(Series 5, ep.7) In possibly the most aristocratic thing they’ve ever done, we left Lord and Lady Grantham at the end of last night’s episode preparing to go to sleep with a dying dog in the bed with them. At least it’s got Lord G back in the marital bed after Mr Bricker’s midnight creep.
Lord G’s beloved Isis wasn’t at her best last week, and this week a vet delivered the terrible news that Isis is very soon destined for the Great Kennel in the Sky. Lord G is now carrying Isis everywhere rather like Tom Cruise carries Dakota Fanning everywhere in War of the Worlds. Continue reading
(Series 5, ep.5) At the moment I’m finding Downton entertaining but not unmissable, while the rest of the family have given up on it altogether. Basically, quite a lot happens, but not much happens. Each week the continuing stories get nudged forward a little, new characters appear and old ones disappear, but I don’t feel any strong story arc. Frankly, it’s feeling just a little bit stale.
So what was happening this week? The Dowager enlisted the doctor’s help to split Lord Merton and Mrs Crawley up, but then they both agreed that actually Lord M and Mrs C are quite well-suited.
Mrs Patmore inherited some money and asked Carson for investment advice just because he’s a man. Then she ignored the advice he gave – mainly because he’s a man, but also he doesn’t know anything about investments. Continue reading
(Series 5, ep.4) I watched this week’s Downton online on the ITV Player, for which I had to register. Then every fifteen minutes or so the gentility of country house life was punctuated by a loud woman wanting “to bust the myths about female intimate health.” This did not enhance my enjoyment of the programme, though the glimpses of Tom Hiddleston in the Jaguar car ads made up for it a bit.
To the action now, and Lady Mary bobbed up to London for an overnight stay, during which she visited a fashion show with her Aunt Rosamund and had dinner with Charles Blake. The real reason for her visit was to tell Lord Gillingham that she wouldn’t be marrying him. She arranged to meet him at the Peter Pan statue in Kensington Gardens. He must have felt all romantic meeting her there, but not when she told him that their week of lust in Liverpool hadn’t convinced her that he was the man for her. “Am I a bad lover?” he said anxiously. If only it was that simple. But the problem is that it doesn’t look like Tony is going to take no for an answer, and he still has the ace up his sleeve of being able to destroy Mary’s reputation if the truth about Liverpool became known. Continue reading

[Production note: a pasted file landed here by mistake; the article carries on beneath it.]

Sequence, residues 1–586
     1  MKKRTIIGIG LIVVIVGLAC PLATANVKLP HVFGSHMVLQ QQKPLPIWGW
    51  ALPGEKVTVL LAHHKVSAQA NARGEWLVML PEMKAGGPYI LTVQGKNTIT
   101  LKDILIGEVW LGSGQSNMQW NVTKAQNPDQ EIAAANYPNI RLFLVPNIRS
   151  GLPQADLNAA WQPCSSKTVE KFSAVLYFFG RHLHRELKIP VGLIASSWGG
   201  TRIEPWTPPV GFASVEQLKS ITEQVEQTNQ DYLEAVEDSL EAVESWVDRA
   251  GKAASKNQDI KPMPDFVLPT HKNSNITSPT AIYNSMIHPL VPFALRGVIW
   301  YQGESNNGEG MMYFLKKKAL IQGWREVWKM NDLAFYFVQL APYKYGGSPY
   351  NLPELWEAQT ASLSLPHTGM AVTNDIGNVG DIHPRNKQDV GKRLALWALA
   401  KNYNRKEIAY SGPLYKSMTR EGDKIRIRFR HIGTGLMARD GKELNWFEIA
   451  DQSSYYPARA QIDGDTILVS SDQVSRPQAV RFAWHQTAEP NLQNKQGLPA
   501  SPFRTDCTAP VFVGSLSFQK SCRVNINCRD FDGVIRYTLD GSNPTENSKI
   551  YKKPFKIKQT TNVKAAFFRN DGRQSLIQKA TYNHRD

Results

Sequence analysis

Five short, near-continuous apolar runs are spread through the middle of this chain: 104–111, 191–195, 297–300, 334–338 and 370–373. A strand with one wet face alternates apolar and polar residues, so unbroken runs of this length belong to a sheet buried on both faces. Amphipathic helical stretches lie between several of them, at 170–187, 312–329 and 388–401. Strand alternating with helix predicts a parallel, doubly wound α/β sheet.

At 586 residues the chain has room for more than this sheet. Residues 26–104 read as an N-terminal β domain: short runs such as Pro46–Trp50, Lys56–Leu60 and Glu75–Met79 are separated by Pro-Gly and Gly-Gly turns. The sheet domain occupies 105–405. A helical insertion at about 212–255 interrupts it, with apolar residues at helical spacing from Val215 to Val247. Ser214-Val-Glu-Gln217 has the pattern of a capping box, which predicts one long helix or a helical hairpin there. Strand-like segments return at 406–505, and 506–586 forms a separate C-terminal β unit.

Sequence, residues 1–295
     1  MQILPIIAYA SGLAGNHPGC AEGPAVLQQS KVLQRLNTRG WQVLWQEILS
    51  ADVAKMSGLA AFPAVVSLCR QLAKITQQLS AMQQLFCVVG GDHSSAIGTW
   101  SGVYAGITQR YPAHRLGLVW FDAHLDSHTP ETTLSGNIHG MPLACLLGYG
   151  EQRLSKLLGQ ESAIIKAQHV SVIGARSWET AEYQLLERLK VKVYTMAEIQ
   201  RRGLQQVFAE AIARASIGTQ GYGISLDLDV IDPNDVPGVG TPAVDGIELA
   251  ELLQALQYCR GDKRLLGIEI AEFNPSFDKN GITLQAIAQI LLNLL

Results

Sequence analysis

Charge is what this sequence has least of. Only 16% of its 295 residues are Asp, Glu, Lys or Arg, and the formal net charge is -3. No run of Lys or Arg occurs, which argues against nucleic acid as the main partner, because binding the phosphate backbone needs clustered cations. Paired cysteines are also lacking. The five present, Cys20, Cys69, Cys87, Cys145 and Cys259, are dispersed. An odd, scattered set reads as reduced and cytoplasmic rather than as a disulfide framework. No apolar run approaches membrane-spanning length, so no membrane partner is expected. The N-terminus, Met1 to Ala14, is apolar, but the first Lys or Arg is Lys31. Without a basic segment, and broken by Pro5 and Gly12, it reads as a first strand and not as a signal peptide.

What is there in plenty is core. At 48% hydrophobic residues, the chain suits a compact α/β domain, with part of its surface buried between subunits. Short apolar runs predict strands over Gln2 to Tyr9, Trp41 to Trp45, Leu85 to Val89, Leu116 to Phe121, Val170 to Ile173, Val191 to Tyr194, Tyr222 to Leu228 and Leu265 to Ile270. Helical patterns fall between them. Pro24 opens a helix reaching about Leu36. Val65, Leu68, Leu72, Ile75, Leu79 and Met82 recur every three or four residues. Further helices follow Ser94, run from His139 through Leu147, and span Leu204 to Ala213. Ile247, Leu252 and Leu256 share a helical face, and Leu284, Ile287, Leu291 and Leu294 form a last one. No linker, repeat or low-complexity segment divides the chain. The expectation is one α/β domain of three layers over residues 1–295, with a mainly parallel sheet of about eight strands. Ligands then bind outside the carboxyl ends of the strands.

(Series 5, ep.3) You’d think in the pre CCTV, snail-mail world of 1924 Downton Abbey that it would be easy to keep things that took place in another city secret from your family. Lady Mary and Lord Gillingham thought they could relax in beautiful Liverpool, away from any tittle tattle and prying eyes. Unfortunately they were in Liverpool at the same time that the Dowager’s butler was in the city for a wedding. And he couldn’t wait to tell the Dowager. She covered beautifully for Lady Mary, then summoned her for a proper dressing-down about her racy behaviour. Apparently women aren’t supposed to let themselves be seduced without their mother’s prior approval.
It looks like Lady Mary might not be seeking Cora’s approval for any further seduction by Lord Gillingham anyway, because it seems that a week of hot Tony lovin’ hasn’t quite hit her spot as far as accepting him as the future Mr Lady Mary is concerned. Continue reading
(Series 5, ep.2) Downton is sometimes a bit heavy-handed about giving us historical context – for example, much of this episode was taken up by Lady Rose’s attempts to persuade Lord G to get a “wireless,” and Lord G and Carson’s objections that it would rot everyone’s brain.
Sometimes it delivers a historical lesson that just knocks me flat, and it’s often about the specific problems of being a woman in that era. This week, Lady Mary was planning her week of getting to know Lord Gillingham in a carnal sense. As I said last week, Mary is more sensible than her sister Edith, and she wanted to take steps to avoid getting pregnant. She couldn’t get anything herself, because she might be recognised, so she asked Anna to do it. “I might be recognised too!” Anna objected, but Anna has the advantage of being married to a man who is still alive. Lurking at the chemist’s until there was a female staff member to serve her and no other customers present, Anna finally obtained what was needed from a judgemental, disapproving woman who would only hand it over on the understanding that Anna had health reasons for wishing to avoid pregnancy – otherwise she thought abstinence would be enough. Continue reading
(Series 5, ep.1) Hurrah! Downton’s back! Throw another log on the fire (or get your footman to do it) – autumn has officially arrived.
There was such a lot going on as well – book burning and a misjudged attempt at hair colouring were the least of it.
That random band of persons known as The Villagers decided to set up a War Memorial Committee, for the purposes of a permanent erection to honour the fallen. Lord Grantham wasn’t sure what he made of such a modern idea (though it did temporarily take his mind off the horrors of a Labour government), but he didn’t need to worry anyway as The Villagers were so modern they didn’t want him to chair the committee – they wanted Carson. As in, his butler. His Grace tried to accept this with grace, which was not helped by his wife. “I know you hate not to be wanted,” she said. So comforting.